Alexei Svistunov, publisher

In 1989 Alexei Svistunov opened a copy of the Guinness Book of World Records and, like the famous phrase from the film White Sun of the Desert, he “felt sorry for the fatherland.” On the page dedicated to the printed word, he was stunned that the world record for a newspaper print run belonged to the Japanese daily Iomiuri Simbun, with 14,474,573 copies of the combined morning and evening editions. “What about Komsomolskaya Pravda with its nearly 19 million print run or Trud daily with almost 20 million?” he thought.

Yet there was another paradox. “As regards negative stuff,” he said, “I found plenty. In the rubric of disasters, epidemics and repressions, Russia had great exposure.” Concluding that many obvious positive achievements were being ignored, Svistunov felt something had to be done. The idea to create a Russian agency of records, PARI, was born (PARI means “bet,” but is also an acronym which stands for “Paradoxes, Records, Information.”)

Today the 38-year-old Svistunov is the head of PARI agency, an independent company which seeks to spread the word about Russian records which the rest of the world ignores.

It is not the first time Svistunov has used publishing to further something he cares about. As a young student, he long had his sights set on attending the prestigious Moscow Institute of International Relations (MGIMO). “I knew it was very hard to gain entry to such a blatnoy [cushy] institute as MGIMO,” he said. “My parents were neither high-ranking party functionaries, nor diplomats. So to break through, I began writing and publishing articles in the 7th grade.” By the time of his entry exams, the 16-year-old Svistunov was able to present the exam commission with a list of some 136 publications on international topics in the press. Needless to say, MGIMO made room for Svistunov in its miniscule and semi-official “quota” for simple mortals (a.k.a. “representatives of the working class and top school students”).

PARI today owns or patronizes many Russian beauty contests and organizes the contest “The Longest Braid.” PARI also earns money on its printed products and sales of CDs, plus earns fees from major Russian and Western companies who want to raise their brand awareness by gaining Russian records. The company has correspondents all over Russia, plus works in archives, with museums, the State Library and research institutes to collect and double-check facts.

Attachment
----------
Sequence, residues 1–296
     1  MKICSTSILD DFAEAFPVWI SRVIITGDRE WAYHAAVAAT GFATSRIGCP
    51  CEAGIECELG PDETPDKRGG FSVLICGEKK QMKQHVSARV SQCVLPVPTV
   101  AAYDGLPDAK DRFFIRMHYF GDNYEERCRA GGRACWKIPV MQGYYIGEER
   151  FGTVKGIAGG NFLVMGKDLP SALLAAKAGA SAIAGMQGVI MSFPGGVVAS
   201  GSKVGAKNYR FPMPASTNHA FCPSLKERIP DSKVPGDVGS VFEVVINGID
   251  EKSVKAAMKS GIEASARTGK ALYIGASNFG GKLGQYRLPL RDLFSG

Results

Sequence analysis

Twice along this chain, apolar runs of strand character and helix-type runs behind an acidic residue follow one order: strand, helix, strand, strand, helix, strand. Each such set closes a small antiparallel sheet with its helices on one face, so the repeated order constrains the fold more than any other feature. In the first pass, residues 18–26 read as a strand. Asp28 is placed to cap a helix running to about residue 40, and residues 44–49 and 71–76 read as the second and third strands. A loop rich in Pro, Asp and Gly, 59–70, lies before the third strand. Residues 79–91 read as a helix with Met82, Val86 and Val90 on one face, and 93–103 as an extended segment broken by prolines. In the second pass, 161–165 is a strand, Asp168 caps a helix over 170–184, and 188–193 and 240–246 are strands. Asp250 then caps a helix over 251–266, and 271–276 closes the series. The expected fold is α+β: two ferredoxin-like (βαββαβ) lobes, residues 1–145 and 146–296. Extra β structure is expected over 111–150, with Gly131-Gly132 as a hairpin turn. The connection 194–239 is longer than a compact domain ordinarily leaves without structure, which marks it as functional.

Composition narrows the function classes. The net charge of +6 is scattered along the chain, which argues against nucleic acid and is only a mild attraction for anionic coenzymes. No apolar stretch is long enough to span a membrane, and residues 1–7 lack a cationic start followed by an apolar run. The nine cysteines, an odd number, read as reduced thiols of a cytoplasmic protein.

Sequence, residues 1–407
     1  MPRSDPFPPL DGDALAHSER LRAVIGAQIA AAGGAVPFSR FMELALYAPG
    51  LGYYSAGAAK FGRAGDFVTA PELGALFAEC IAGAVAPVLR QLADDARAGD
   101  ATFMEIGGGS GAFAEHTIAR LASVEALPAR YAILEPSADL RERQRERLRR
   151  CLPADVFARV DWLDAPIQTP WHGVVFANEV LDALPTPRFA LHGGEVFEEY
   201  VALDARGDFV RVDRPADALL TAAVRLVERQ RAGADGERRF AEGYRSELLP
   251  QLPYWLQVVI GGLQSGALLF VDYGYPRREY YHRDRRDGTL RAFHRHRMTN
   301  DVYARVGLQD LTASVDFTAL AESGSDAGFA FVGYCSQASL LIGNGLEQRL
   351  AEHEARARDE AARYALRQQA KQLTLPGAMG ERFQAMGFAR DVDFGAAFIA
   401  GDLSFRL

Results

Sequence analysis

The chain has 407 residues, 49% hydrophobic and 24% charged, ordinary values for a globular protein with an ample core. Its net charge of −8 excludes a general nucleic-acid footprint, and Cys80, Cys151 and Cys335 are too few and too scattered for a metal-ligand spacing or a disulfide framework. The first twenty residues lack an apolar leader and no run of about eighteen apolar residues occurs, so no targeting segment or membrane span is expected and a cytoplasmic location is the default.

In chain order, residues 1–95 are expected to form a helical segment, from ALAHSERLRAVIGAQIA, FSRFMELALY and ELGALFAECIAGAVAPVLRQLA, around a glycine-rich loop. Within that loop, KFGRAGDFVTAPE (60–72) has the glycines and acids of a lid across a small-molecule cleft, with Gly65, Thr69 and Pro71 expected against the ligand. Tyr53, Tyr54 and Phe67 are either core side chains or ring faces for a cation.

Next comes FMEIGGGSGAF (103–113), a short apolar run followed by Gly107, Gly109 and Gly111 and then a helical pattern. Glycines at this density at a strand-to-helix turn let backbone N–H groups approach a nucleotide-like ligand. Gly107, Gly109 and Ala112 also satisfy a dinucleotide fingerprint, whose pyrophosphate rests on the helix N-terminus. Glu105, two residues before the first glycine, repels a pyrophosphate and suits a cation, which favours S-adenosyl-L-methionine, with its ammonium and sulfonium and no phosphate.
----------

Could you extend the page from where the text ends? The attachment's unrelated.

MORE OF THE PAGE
The work has turned up loads of unique knowledge otherwise hard to find. For example, Russia’s first handwritten newspaper was called Kuranty and dates to 1621 (while the first printed newspaper, Vedomosti, was published on December 16, 1702);  the first Russian pharmacy opened in 1581 (meant only for members of Tsar Ivan the Terrible’s family); the first public pharmacies opened in 1721 …

For some types of records, Svistunov is picky. He registers traditional stuff, like the world’s heaviest woman (from Krasnoyarsk), who recently died, and weighed almost half a ton. But, he said, “I do not respect such things as pushing peas with one’s nose or records of gluttony or the longest spit. We mostly bet on serious achievements, scientific discoveries and inventions. For example, did you know Nicholas II had a color telefax which he could use to communicate with guberniyas? Sure, the fax was huge and occupied two rooms, but it did exist, it worked. It was a very complex galvanic device which printed huge photos.”

PARI also dispels mythical records, like the one about the world’s largest cannon: the world’s largest is not the Tsar Cannon in the Kremlin, but one many times heavier and smelted at the arms factory in Perm. The cannon was used to defend Russia against the Tatars and was fired over 300 times.

Sports and cultural events are not ignored. Last July, PARI registered the record swim of Mikhail Lopatin: “The guy swam almost 150 km in icy water (11o C) on the Lena river. That’s a world record!” Maly Theater veteran actor Pyotr Annenkov acted on stage on his 100th birthday. “We did a big action, sent an application to London [to Guinness] for the record. Zip! Guinness ignored it; it is Russia; why recognize Russia has such theatrical giants?”

At that, the keeper of Russian records feels there is no need to go overboard with one’s patriotism. “So that,” he said, “it all doesn’t sound like in that old Soviet joke:  ‘Russia is the homeland of elephants’ ... I do have respect for inventions worldwide, but, on the other hand, out of modesty, Russians often keep their mouthes shut or don’t go to court, whereas they steal from us stuff worthy of a Nobel Prize. And we keep silent about it”.

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